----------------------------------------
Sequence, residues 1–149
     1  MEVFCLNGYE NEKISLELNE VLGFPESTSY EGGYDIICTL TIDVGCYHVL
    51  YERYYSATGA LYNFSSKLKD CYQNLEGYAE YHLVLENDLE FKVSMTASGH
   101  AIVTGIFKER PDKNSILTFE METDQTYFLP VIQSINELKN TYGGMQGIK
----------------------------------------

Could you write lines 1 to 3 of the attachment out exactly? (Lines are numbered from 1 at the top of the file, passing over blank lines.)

Sequence, residues 1–149
     1  MEVFCLNGYE NEKISLELNE VLGFPESTSY EGGYDIICTL TIDVGCYHVL
    51  YERYYSATGA LYNFSSKLKD CYQNLEGYAE YHLVLENDLE FKVSMTASGH